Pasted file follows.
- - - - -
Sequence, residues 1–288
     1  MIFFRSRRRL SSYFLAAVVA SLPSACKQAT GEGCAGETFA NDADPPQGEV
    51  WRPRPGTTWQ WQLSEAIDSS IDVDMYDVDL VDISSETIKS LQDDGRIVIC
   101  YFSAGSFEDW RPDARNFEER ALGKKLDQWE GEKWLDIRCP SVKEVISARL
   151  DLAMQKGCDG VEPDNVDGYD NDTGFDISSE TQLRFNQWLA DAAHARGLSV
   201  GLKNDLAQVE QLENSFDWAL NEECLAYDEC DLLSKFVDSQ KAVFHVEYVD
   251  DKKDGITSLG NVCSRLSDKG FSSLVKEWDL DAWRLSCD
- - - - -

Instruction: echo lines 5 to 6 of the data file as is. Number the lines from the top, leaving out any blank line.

   151  DLAMQKGCDG VEPDNVDGYD NDTGFDISSE TQLRFNQWLA DAAHARGLSV
   201  GLKNDLAQVE QLENSFDWAL NEECLAYDEC DLLSKFVDSQ KAVFHVEYVD